“Boldness to Preach the Gospel”

Bob Spurlin 

Far too many would sweep false teaching under the rug and pretend it would go away, but Paul would not do so for one hour. We must show great boldness in exposing false teaching whenever it rears its ugly head.

The Jewish court might have expected Peter, James, John, and other disciples to become intimidated by their threats. Such would not be the case, as their former fear would be transformed to daring boldness. Paul writes, “But with all boldness as always, so now Christ also shall be magnified in my body, whether by life or death” (Phil. 1:20). The original word for “boldness” comes from an aorist participle signifying “waxing bold.” The original language suggests, “Dare to do, or to bear something terrible or difficult;” hence, “to be bold, to bear oneself boldly, deal boldly.” These early Christians acted boldly in all their activities to glorify Christ. The Sanhedrin Council threatened Peter and John to cease teaching in the name of Jesus Christ and their reply was, “For we cannot but speak the things that we have seen and heard” (Acts 4:20). If we are to serve Christ today, we must do so with the same boldnessthat characterized the Christians of the first century. 
        1. We need boldness to preach to unbelievers. We have earlier stated that the apostles were on trial before the Sanhedrin Council. The church grew very quickly to 5,000 men, not including women and those young people that have reached the age of accountability. Some have estimated the church to be 20,000-25,000 members at this time. The Sanhedrin was desperate to interrupt such rapid growth, and the two apostles were requested to give an answer to the miracles and consequent growth of the church taking place. Peter said that it was by the authority or power of Jesus Christ that all these things have come to pass (Acts 4:10-12). This message of “the only way” was not designed to make them popular; it would require, however, courage and boldness to be effective (Acts 4:13).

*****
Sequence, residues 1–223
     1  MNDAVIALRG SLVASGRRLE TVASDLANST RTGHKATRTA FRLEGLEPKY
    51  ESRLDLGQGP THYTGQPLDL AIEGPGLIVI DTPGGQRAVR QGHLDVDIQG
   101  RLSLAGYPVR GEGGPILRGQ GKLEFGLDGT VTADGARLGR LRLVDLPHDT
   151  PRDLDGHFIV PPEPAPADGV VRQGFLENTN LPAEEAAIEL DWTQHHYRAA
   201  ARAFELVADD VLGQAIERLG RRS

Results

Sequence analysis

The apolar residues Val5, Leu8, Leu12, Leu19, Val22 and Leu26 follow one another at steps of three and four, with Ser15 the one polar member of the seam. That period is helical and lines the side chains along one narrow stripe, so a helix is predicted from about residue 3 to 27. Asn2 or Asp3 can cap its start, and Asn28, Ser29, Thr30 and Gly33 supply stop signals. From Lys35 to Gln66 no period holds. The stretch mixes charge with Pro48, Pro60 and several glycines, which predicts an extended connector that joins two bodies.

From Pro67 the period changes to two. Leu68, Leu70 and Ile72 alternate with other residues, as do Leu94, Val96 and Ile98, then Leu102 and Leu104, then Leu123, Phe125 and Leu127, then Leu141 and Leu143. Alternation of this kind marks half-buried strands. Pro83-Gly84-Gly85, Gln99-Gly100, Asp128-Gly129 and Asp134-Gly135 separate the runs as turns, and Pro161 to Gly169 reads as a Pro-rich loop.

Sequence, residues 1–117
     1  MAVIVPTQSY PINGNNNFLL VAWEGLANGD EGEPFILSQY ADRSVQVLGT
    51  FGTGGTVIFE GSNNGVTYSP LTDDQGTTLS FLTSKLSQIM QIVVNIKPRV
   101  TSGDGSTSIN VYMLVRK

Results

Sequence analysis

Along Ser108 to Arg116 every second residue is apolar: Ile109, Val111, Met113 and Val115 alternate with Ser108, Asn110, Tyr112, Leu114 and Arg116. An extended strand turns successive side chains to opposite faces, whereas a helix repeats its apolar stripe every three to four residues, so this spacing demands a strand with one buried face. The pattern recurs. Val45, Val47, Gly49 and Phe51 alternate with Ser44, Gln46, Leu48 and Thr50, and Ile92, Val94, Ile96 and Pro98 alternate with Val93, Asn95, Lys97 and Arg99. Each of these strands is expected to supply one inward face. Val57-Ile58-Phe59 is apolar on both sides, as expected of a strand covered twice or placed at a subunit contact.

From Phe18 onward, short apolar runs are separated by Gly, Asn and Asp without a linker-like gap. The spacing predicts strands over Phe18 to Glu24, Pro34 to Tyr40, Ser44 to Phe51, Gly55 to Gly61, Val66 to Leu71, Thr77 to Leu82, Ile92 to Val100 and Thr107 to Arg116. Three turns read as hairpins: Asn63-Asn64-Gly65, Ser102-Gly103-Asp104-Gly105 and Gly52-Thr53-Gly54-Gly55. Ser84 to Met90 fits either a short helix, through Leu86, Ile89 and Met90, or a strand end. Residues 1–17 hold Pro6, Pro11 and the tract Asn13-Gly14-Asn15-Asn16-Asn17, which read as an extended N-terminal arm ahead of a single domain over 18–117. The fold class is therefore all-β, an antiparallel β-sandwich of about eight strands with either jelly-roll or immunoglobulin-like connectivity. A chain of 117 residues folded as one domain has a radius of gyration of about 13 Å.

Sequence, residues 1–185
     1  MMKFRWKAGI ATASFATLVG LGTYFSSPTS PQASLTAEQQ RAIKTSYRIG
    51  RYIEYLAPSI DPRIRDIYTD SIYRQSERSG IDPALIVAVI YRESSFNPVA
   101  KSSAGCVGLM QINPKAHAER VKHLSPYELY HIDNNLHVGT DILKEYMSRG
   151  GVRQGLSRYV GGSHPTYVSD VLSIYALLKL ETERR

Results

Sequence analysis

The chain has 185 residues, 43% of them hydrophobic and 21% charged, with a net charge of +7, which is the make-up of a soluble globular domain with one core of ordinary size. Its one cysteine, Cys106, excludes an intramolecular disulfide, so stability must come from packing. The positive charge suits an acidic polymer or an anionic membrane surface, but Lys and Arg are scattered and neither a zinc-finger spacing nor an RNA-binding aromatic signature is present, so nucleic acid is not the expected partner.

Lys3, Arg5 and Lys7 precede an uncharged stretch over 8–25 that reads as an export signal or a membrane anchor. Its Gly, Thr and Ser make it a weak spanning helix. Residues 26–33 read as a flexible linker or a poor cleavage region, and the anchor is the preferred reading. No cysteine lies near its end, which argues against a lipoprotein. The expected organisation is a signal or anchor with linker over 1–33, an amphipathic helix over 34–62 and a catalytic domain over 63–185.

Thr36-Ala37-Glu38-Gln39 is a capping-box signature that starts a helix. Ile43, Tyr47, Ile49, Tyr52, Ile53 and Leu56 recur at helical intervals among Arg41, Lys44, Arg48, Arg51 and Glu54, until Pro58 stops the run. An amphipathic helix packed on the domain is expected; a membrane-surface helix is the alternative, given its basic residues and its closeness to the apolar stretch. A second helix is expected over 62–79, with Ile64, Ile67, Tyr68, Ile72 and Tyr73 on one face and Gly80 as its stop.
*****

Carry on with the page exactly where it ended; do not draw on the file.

One of the greatest needs of our day is to convince people that they are lost in sin (Rom. 3:23; Ezek. 18:20). More and more the pulpit is becoming weaned from the power of the Gospel (Rom. 1:16). A dose of psychology and other theories are being offered as an alternative while the souls of men are being shortchanged of the distinctive message of Christ (John 14:6; 1 Peter 4:11; Heb. 4:12). We must point out in a spirit of love and kindness how ugly sin is and that a day of reckoning is awaiting those who reject the Gospel message (Mark 16:16; Gal. 1:8-9).